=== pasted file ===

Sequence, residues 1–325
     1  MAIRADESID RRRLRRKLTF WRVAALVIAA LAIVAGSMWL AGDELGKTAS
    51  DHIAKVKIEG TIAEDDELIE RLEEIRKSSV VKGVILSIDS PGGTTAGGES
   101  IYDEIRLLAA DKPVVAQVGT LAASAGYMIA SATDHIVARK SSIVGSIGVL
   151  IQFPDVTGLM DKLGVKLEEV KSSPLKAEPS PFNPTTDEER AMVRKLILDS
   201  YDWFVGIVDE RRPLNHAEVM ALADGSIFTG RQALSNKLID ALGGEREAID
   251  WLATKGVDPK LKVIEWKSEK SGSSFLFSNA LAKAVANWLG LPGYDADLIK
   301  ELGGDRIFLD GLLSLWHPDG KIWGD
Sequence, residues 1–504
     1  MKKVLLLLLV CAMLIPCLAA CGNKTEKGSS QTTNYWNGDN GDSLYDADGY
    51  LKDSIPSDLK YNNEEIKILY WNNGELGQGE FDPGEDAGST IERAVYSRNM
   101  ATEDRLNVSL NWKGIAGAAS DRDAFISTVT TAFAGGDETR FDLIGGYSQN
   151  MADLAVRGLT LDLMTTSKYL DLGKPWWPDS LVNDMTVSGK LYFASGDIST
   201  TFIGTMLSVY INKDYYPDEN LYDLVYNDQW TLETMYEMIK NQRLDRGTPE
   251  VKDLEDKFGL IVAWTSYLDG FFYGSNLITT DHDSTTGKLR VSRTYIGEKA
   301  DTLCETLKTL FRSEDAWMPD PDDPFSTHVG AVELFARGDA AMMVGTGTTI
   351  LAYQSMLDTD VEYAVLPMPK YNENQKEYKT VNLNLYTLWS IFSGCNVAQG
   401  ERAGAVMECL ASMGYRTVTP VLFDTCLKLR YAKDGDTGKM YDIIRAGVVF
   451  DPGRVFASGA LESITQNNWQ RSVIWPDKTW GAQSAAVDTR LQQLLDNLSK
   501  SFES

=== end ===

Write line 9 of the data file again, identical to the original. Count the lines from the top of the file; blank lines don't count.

Sequence, residues 1–504